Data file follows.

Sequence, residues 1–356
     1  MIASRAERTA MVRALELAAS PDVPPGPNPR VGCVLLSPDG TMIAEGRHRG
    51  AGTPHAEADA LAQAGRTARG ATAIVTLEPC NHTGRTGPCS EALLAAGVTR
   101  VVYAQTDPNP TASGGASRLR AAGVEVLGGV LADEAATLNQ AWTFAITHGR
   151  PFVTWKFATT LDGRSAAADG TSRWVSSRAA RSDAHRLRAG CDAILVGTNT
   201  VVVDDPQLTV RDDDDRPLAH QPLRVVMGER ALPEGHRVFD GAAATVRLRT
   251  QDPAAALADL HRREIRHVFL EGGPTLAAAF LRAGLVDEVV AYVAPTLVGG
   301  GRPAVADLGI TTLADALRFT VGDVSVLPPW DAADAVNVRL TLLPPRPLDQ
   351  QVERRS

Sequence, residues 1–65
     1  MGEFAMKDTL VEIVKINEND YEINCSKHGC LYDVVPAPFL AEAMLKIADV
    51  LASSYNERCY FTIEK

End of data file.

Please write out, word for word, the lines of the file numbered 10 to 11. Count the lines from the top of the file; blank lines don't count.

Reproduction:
Sequence, residues 1–65
     1  MGEFAMKDTL VEIVKINEND YEINCSKHGC LYDVVPAPFL AEAMLKIADV